# Sylvester's Law of Inertia

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Dear all,

I have a query regarding the Sylvester's Law of Inertia (Congruence Transformation). It says the following (taken from Gilbert Strang---- 4th edition, Page 324) :

C^T*A*C has the same number of positive, negative and zero eigenvalues as A, for some nonsingular matrix C.

That is, the signs of eigenvalues are preserved by the congruence transformation.

Here, I give 2 matrices A and C^T*A*C where the signs of the eigenvalues do not seem to be preserved:

A =
-10.0000 -0.2000 -0.1500 5.0000 0.1440 0.3600
5.0000 -2.0000 0 -2.5000 1.4400 0
0 1.0000 -3.0000 0 -0.7200 7.2000
-5.0000 0 0 2.5000 0 0
0 -1.0000 0 0 0.7200 0
0 0 -1.5000 0 0 3.6000

Eigenvalues of A = -7.3508, -1.3815, 0, 0, 0, 0.5524 (Note that A is a singular matrix and hence it has zero eigenvalues)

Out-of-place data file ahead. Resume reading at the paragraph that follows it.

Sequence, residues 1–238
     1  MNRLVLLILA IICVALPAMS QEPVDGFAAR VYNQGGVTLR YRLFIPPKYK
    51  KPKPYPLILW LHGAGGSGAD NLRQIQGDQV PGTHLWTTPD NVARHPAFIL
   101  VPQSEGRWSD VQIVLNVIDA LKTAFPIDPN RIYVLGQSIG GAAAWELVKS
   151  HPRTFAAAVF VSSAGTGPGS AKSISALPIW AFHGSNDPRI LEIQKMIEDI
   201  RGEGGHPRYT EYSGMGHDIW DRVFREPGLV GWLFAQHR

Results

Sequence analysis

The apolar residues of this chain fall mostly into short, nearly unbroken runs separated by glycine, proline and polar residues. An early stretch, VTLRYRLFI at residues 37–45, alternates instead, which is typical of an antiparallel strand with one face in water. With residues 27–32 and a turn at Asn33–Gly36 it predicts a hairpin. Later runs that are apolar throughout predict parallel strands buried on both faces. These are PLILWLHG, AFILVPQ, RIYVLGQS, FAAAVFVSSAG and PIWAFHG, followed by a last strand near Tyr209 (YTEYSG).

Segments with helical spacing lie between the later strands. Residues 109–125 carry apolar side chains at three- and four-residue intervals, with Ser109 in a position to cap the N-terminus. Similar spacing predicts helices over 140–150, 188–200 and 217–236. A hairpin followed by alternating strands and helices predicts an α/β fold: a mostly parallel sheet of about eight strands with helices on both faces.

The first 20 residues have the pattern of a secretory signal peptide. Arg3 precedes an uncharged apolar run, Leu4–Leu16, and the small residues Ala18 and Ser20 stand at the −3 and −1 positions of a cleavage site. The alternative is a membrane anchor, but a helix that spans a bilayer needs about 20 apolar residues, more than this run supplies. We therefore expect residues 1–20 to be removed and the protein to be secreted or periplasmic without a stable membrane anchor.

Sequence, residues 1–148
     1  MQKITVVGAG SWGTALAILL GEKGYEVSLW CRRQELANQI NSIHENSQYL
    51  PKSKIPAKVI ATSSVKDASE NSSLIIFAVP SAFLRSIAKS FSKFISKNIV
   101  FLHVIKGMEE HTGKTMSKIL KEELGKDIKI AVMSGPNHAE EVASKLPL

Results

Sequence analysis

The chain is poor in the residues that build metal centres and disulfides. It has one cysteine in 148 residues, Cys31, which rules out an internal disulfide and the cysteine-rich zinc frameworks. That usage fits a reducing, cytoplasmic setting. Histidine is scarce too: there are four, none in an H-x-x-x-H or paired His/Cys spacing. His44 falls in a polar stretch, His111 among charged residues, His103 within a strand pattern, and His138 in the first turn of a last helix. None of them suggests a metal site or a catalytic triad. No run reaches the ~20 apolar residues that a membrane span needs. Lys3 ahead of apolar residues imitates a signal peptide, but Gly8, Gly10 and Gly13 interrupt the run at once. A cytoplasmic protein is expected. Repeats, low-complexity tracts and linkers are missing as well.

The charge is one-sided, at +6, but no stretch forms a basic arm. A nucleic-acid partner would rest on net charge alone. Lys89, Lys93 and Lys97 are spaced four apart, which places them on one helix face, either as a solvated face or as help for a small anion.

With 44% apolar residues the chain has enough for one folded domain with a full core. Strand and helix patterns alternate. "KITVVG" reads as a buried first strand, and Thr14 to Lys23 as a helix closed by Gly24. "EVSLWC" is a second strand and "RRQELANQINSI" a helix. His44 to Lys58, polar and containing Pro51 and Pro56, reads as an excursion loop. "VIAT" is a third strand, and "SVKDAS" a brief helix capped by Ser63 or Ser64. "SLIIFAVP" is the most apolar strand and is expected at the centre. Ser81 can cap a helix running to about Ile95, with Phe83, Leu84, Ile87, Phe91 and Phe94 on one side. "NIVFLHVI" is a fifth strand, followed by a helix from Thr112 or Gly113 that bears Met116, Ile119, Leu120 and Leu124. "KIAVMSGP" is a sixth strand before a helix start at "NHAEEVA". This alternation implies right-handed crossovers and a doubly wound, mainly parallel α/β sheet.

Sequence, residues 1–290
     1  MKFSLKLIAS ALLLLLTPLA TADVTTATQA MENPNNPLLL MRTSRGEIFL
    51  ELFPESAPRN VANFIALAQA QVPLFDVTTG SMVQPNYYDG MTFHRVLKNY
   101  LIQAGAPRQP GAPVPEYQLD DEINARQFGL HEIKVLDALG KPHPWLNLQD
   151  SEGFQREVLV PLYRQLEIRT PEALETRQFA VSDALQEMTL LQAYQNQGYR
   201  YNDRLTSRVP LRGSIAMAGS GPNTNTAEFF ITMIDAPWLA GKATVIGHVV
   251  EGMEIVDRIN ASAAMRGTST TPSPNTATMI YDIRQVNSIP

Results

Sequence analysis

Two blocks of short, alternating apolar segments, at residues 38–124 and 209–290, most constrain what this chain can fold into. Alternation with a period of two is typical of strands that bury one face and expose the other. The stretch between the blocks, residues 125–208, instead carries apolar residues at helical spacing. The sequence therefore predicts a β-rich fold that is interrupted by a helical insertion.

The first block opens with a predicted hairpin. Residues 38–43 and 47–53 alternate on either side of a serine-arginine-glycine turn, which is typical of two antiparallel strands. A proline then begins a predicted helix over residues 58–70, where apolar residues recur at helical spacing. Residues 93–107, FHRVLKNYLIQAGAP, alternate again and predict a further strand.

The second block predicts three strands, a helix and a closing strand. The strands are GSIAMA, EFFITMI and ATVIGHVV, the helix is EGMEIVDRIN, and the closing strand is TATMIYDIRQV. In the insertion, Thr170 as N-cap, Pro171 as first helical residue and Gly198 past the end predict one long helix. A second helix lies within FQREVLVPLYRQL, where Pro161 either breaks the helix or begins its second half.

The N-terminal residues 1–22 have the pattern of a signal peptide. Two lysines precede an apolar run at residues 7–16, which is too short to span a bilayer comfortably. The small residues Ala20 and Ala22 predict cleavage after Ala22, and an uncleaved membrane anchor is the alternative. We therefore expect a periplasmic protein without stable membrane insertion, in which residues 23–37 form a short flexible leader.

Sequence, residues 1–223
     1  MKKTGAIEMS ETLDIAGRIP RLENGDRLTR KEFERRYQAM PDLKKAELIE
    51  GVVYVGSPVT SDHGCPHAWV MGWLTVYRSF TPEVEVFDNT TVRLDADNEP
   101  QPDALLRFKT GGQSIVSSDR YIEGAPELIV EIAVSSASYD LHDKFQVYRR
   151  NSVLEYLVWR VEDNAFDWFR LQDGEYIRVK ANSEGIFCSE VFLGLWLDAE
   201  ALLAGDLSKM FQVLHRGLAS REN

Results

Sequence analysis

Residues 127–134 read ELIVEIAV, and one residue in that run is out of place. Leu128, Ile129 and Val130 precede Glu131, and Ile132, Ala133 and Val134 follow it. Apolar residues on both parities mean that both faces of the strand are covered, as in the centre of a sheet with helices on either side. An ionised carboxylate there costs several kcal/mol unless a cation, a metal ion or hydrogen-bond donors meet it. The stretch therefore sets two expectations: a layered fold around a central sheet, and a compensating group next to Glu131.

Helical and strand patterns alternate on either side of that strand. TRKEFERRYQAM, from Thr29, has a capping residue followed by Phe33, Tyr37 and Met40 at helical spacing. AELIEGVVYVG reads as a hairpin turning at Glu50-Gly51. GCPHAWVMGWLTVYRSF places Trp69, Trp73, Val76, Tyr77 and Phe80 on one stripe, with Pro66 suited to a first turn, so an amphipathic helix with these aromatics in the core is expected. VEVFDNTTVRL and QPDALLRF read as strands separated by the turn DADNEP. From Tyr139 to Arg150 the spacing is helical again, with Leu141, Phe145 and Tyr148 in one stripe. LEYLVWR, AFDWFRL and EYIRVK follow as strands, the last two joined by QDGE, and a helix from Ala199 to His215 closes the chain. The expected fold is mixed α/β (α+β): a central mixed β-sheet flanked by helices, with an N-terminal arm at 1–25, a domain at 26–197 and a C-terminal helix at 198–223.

C = 0.3162 0 0 0 0 0
0 0.7071 0 0 0 0
0 0 0.5774 0 0 0
0 0 0 0.4472 0 0
0 0 0 0 0.8333 0
0 0 0 0 0 0.3727

C^T*A*C =

-0.66332, -0.0000094371,0, 0.0002162, -0.4184-0.2645*i, -0.4184 + 0.2645*i

It is to be noted that C^T*A*C has two complex conjugate eigenvalues (and because A is singular, C^TAC is also singular), whereas A has only real eigenvalues. But it can be seen that A has two negative eigenvalues whereas C^T*A*C seems to have 4 negative eigenvalues (including the complex conjugates).

Any help on this issue is appreciated. Thanks.

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You may want to check if the theorem is supposed to apply to symmetric matrices; that is where this kind of congruence transformation usually happens (otherwise, usually C^(-1) A C is used).

=Uncool-

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My windows2000 mathcad gets the same eignvalues for A as you do, but different ones for the transformed matrix.

I get the three zeros again, your negative -0.66 and the complex conjugate pair.

I think it was Euler had a method to make the complex pair equivalent to a two real values.

Edited by studiot

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